I really like the concept that somebody spend a few years working for the Department of the Defense or working for the FBI or working for Homeland Security, gets the understanding of the criticality of this and then come back and transfer that into the private sector.  I think that makes both the private industry and public service or public sector much stronger.  So I think it’s a good thing to have that cross-fertilization and having been a participant myself most of my career, I find that to be particularly rewarding, because it gives you a lot of different perspectives that you wouldn’t have staying in one sector or another.

Dennis Fisher: Yeah, that’s a great point. And the other thing I would guess is that if you’re one of these kids who goes and spends four or five years in government service and then goes to work in the industry, all of a sudden, you’ve got this big network of contacts inside the government who you can talk to when you have a problem or they can call you when they have something that they need to talk to you about.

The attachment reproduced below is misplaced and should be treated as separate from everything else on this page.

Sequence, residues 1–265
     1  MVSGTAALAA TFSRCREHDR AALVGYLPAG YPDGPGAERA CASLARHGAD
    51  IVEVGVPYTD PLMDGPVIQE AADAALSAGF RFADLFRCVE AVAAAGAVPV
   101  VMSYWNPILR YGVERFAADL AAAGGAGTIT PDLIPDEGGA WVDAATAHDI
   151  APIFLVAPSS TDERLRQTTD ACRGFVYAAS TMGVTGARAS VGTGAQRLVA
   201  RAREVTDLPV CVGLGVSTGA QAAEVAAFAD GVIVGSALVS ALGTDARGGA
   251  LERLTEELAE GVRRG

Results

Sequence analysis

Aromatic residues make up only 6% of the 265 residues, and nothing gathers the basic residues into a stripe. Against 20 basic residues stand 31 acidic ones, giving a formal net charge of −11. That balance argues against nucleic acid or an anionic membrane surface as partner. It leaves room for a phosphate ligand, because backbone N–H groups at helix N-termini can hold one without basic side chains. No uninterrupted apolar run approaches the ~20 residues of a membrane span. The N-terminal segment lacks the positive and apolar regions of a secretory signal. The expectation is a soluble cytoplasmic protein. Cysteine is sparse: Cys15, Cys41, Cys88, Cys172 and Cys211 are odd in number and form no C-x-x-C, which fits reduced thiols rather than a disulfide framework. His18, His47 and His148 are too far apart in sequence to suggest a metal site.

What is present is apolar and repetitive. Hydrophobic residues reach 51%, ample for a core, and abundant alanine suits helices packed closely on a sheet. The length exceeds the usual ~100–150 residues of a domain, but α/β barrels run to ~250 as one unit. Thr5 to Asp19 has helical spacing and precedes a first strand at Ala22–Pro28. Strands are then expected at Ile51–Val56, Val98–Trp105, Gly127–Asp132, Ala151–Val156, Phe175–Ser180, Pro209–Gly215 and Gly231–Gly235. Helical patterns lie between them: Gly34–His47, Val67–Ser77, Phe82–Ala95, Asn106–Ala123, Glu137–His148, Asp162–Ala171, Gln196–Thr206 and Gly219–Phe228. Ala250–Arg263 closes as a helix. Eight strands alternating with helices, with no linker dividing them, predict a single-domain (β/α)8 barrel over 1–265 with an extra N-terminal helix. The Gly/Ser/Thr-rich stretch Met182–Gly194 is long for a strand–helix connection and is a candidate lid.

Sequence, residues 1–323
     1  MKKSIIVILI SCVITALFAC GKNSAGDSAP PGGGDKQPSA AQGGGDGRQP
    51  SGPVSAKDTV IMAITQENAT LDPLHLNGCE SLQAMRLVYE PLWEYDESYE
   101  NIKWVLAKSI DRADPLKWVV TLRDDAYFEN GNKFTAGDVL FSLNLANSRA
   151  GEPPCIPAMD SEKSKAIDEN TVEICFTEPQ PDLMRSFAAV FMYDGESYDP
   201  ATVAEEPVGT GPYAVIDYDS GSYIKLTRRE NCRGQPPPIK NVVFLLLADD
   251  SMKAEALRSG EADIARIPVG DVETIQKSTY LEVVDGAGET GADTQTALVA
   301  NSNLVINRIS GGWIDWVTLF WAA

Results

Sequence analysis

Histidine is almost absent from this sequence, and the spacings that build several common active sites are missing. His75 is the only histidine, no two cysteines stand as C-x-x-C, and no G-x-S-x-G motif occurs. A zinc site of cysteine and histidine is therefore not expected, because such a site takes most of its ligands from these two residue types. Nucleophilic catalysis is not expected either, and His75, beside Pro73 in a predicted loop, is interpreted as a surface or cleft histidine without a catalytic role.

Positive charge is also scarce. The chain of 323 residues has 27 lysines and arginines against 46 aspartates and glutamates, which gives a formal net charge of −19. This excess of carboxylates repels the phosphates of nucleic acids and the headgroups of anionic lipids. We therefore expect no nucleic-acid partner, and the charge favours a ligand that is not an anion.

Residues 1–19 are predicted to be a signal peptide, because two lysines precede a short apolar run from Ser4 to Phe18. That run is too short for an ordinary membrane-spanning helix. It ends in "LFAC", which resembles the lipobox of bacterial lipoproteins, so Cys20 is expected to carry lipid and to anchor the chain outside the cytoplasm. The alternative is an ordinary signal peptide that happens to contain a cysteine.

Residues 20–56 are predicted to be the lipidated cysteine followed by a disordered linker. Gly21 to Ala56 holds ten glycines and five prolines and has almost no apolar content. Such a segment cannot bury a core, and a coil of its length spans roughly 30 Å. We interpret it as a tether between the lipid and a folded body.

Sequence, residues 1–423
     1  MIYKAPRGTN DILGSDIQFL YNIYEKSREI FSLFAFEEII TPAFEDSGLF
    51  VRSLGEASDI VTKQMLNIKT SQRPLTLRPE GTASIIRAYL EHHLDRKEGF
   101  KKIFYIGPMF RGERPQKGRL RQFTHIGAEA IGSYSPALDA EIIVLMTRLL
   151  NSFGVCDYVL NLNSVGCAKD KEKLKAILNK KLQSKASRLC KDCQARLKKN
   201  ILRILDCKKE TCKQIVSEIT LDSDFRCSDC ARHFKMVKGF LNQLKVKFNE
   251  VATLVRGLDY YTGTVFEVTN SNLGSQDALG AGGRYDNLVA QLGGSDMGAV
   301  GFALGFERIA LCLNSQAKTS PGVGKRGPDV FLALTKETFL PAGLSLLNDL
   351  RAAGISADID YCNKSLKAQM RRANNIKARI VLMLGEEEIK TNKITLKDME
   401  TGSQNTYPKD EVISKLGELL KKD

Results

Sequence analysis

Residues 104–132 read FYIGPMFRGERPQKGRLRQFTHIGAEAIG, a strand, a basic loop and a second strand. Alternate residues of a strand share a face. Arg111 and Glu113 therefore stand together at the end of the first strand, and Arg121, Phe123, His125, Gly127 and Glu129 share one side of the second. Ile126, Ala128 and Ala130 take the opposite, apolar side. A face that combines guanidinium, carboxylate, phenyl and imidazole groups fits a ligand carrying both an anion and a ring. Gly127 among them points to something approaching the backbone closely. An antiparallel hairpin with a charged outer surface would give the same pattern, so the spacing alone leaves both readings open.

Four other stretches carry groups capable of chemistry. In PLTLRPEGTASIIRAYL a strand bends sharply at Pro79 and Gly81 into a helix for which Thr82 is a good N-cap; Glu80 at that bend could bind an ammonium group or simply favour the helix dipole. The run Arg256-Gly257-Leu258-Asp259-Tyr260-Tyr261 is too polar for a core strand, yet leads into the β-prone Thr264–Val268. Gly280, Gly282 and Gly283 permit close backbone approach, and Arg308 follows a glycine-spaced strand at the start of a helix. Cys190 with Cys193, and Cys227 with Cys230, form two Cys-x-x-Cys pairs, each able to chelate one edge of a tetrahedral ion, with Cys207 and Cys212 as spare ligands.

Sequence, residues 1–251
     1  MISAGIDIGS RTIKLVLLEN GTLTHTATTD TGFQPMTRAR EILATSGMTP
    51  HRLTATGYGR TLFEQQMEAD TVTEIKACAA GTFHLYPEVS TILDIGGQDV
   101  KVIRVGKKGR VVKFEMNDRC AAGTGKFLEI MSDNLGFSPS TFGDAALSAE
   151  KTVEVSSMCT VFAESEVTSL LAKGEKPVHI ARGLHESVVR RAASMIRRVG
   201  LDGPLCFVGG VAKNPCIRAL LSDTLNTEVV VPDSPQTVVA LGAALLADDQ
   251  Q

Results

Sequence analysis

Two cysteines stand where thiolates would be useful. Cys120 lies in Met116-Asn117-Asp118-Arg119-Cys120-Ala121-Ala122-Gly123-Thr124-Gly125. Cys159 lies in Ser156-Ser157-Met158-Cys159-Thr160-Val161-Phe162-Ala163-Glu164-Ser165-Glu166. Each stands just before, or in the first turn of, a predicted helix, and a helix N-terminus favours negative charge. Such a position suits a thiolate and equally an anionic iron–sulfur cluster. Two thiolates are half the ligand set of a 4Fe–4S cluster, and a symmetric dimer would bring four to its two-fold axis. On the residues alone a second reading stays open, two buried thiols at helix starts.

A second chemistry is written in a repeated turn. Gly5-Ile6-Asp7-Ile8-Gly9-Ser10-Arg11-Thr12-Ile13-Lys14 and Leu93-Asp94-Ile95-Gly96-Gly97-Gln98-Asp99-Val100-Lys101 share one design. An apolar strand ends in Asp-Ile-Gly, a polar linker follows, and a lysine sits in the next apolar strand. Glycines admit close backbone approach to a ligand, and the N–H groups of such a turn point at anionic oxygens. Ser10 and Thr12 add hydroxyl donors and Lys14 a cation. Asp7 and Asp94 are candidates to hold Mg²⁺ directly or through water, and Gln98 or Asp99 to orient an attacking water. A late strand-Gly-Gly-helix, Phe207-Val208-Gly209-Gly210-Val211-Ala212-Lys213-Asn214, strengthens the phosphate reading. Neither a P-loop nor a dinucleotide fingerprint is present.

Howard Schmidt: You’re absolutely correct, and that’s one of the things that when you start looking at where the rubber meets the road and where things really get done.  We can have all the greatest policies in the world and all the committees and all these other things, but when you have an individual in either government or private sector, pick up the phone and call someone that they went to university with, that they’ve worked with in government or private sectors, and says, “Hey, I’m seeing this really anonymous activity on this particular port.  Are you guys seeing that?”  “Yeah, we are.”  Well, that solves problems and that’s what this is all about.